There's an interesting article that was written back in 1988 by a man named Keck. He wrote an article for psychological medicine entitled quote, "Lycanthropy: Alive and Well in the Twentieth Century." Keck reported that although the condition is unusual in our day, it still does occur. In fact, he recorded that in his study, he had observed people who believe they were wolves, gerbils – now, there's a bad situation – dogs, birds, cats - that's even worse, sorry for you cat lovers - rabbits, tigers, and even unidentified creatures. Sadly, there were people that he interacted with who had concluded that they were, in fact, one of those animals and responded and acted as if they were. There's another interesting article in 1946, RK. Harrison observed a patient in one of the British mental institutions who exhibited almost exactly the same symptoms as Nebuchadnezzar. This patient wandered about the grounds and ate grass as if he were a cow. RK Harrison wrote, "the only physical abnormality noted consisted of a lengthening of the hair and a coarse, thickened condition of the fingernails."

Daniel explains exactly what form Nebuchadnezzar's lycanthropy be would take. Notice verse 25, "you will be driven away from mankind" (obviously, because of his bizarre behavior) "your dwelling place will be with the beasts of the field." He would live outside with the beasts of the field. That's not wild animals. The Aramaic word points to domesticated animals. And specifically, he would live with the cattle, verse 25, "you will be given grass to eat like cattle." By the way, the Aramaic word for grass includes grass, but it also includes vegetables and other herbs. The idea is: you will eat like an animal eats. The word for cattle refers very specifically to bulls or oxen. Nebuchadnezzar, he's told, would suffer the delusion that he was a bull or an ox. This is a specific kind of lycanthropy technically called boanthropy. Verse 25 says, "and you will be drenched with the dew of heaven." Even at night, Nebuchadnezzar would stay in the open field and would not come inside as people do. And as a result, every morning his body would be drenched with dew. "And seven periods of time will pass over you." Literally, the Aramaic says, "let seven times pass by for him." The Aramaic word for "time," as I noted for you the last time we studied this passage together, can refer to any common time period: a day, a week, a month, or a year. Here, it almost certainly refers to a year for two reasons: one, because of how this same expression is used in Daniel 7 verse 25 (I pointed that out to you last time) and 7 days, or seven weeks, or even seven months isn't enough time for all of the effects we read about here to have fully taken hold, to manifest. So, it's reasonable to conclude, as most all commentators do, that Nebuchadnezzar's insanity was to last for seven years.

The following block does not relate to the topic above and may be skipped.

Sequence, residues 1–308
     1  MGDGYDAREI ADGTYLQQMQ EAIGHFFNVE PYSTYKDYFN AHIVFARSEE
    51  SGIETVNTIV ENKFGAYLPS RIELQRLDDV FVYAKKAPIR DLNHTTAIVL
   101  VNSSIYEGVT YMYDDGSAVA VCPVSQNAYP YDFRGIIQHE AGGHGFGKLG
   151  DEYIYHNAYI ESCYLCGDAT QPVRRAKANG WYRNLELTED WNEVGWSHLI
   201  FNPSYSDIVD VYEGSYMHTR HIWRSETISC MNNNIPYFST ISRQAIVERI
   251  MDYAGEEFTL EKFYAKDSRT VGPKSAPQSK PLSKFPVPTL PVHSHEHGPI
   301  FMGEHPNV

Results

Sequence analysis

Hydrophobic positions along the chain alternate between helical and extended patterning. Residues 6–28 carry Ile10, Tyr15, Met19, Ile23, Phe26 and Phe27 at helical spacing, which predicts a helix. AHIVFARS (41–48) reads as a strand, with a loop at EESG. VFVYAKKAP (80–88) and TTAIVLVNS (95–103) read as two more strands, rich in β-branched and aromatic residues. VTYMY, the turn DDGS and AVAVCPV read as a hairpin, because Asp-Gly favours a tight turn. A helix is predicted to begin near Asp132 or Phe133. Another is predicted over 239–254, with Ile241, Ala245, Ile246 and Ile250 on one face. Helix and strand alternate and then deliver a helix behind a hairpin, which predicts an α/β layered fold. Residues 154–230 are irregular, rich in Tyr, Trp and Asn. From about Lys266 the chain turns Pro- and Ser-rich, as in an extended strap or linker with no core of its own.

"Seven periods of time will pass over you," notice, "until you recognize that the Most High is ruler over the realm of mankind and bestows it on whomever He wishes." Here is that recurring thematic expression we see throughout this chapter and it includes two key ideas.

First of all, the word "until" implies that this is a prerequisite for regaining his sanity but it's also encouragement because it implies the certainty of his sanity returning. "Seven periods of time will pass over you" and, at the end of that seven years, you will recognize." What would he come to recognize about God and His rule? We noted this last time but let me just briefly remind you. God's sovereignty is constant. Notice what verse 25 says, "the Most High is ruler." He is currently sovereign. His sovereignty is comprehensive. It is over the realm of mankind. There's nothing excluded on this planet. God is sovereign over individual rulers. He bestows it on whomever, on individuals. And, God's sovereignty is unrestrained. He bestows it on whomever He wishes. God, and God alone, gives the nations and kingdoms of men to whom He wishes. Nebuchadnezzar would remain insane until he recognized those realities.